What is 5G and how does it work?

5G is the latest generation mobile phone technology. As with previous cellular technologies, 5G networks rely on signals carried by radio waves – part of the electromagnetic spectrum – transmitted between an antenna or mast and your phone.

5G has a range of additional technical capabilities designed to provide more bandwidth. In addition to providing much more capacity for data and video, 5G will support a wide range of new applications such as remote health services and driverless cars.

It will operate on higher frequency radio waves than earlier mobile networks, which allows more devices to have access to the internet at the same time and at faster speeds.

These waves travel shorter distances through urban spaces, so 5G networks will require more transmitter masts than previous technologies, which are positioned closer to ground level.

The work already completed by CSW in our region has helped to deliver the extensive fibre optic connectivity that 5G will require to operate effectively.

Who is responsible for ensuring that 5G is safe?

Public Health England (PHE) is the UK government agency which takes the lead on public health matters associated with the use of radiofrequency electromagnetic fields in telecommunications. They have issued the following guidance regarding radio waves and 5G.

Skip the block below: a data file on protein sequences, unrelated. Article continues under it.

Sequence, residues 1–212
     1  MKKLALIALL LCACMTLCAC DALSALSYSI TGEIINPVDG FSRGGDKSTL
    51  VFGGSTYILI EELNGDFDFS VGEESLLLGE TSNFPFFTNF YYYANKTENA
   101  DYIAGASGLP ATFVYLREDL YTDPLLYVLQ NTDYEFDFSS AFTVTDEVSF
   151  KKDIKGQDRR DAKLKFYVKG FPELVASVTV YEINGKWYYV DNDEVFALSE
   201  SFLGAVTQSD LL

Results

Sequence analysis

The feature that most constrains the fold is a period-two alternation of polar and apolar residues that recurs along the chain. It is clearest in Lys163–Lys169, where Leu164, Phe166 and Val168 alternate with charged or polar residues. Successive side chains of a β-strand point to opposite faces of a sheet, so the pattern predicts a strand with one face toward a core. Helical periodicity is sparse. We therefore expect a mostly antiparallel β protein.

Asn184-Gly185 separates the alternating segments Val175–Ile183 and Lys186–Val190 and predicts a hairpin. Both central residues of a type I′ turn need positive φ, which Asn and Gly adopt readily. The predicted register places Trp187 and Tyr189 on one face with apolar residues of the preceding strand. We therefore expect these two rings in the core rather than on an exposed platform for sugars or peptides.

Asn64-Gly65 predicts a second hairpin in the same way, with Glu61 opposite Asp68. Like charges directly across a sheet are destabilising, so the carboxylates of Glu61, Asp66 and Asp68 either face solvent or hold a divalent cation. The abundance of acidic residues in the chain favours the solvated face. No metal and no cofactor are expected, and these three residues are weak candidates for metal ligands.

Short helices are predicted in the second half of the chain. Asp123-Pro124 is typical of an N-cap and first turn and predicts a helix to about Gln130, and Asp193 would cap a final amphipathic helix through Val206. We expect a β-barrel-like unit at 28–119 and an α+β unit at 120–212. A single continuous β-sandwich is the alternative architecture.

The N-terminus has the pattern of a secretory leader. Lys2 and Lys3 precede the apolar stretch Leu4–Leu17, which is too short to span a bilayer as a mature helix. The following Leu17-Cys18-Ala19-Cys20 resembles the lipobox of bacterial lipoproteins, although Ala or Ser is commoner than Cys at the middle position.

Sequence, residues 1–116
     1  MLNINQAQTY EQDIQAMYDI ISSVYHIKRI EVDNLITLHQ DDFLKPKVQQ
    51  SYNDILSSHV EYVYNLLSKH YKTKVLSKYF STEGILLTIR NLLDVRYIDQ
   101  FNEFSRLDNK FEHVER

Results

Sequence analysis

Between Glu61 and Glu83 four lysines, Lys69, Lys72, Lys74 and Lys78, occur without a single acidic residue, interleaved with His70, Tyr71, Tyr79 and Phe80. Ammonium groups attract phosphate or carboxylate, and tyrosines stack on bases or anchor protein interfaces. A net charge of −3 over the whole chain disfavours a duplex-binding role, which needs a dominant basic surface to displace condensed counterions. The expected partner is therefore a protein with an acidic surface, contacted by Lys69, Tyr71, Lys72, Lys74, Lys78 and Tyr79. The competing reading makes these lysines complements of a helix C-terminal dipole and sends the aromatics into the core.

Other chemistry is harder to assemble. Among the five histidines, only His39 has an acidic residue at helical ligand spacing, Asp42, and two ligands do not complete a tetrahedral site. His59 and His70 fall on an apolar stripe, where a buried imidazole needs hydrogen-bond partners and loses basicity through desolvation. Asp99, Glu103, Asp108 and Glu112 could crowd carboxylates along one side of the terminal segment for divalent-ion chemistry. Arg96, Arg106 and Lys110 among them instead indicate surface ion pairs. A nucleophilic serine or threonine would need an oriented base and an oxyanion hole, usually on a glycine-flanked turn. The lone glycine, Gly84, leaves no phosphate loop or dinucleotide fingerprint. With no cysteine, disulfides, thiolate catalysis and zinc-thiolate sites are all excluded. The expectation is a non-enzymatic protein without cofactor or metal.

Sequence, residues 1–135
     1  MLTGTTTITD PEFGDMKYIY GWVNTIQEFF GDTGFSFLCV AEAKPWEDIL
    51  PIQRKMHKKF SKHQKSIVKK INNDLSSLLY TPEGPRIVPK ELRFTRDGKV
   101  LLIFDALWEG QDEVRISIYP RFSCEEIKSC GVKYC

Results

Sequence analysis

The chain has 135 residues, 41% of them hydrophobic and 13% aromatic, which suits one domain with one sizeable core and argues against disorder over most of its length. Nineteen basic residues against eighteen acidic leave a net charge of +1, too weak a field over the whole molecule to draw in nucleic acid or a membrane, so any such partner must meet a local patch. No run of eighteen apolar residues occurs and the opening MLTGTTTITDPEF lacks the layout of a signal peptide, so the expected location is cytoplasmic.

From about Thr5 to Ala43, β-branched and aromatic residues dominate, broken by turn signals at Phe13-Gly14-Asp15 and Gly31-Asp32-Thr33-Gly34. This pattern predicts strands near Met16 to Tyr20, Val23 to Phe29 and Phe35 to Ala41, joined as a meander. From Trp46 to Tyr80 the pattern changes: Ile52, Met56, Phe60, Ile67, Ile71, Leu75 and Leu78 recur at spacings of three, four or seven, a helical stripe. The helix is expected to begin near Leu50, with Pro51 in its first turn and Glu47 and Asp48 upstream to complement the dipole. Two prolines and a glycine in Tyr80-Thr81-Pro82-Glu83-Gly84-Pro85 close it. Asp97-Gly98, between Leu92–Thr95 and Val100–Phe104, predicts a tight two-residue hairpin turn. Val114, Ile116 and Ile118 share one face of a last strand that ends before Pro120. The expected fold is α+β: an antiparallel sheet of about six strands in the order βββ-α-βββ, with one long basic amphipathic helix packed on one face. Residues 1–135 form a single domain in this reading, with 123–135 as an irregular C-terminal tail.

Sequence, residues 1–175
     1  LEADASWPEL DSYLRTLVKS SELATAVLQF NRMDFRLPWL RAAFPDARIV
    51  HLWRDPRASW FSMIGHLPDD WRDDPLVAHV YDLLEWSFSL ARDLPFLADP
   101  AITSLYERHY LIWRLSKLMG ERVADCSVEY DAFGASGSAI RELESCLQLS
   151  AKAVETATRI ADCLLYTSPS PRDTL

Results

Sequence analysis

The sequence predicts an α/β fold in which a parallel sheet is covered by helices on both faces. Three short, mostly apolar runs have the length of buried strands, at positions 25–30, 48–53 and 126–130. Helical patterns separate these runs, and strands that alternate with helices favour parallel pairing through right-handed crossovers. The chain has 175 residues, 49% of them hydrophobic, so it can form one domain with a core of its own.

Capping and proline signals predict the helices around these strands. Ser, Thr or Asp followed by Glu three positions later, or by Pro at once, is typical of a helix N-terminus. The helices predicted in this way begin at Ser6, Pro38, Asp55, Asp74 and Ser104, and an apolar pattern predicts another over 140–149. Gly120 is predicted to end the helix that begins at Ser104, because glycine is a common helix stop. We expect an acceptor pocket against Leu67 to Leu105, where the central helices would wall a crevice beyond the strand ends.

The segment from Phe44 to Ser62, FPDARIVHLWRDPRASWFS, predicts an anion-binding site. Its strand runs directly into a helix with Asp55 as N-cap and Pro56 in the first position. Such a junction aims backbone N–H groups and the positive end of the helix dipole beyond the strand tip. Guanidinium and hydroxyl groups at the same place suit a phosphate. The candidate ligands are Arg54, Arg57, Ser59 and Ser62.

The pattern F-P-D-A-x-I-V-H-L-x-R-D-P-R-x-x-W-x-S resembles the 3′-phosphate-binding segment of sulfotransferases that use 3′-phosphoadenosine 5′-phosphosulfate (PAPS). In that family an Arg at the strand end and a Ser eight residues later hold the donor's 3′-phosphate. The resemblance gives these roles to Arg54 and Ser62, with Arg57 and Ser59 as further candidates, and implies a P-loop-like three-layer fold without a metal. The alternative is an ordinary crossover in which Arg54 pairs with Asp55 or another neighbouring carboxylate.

Central to this advice is that exposure to radio waves should comply with the guidelines set out by the International Commission on Non-Ionizing Radiation Protection (ICNIRP) – a body formally recognised by the World Health Organization (WHO).

PHE’s Centre for Radiation, Chemical and Environmental Hazards has carried out extensive research on 5G radio waves and they have stated that they anticipate no negative impacts on public health.

While a small increase in overall exposure to radio waves is possible when 5G is added to the existing network, this exposure is expected to remain low and well within the ICNIRP guidelines. PHE is committed to monitoring the evidence regarding 5G and other radio technologies, and will revise its advice, should that be necessary.

5G networks are licensed and strictly regulated by Ofcom within the public health guidance set by PHE and the Health and Safety Executive (HSE). In addition, the UK’s mobile industry has made a voluntary commitment to comply with international guidelines and to provide certificates of compliance with planning applications for mobile base stations.

The individual UK mobile network operators publish their policies in relation to mobile phones, masts and public health on their websites.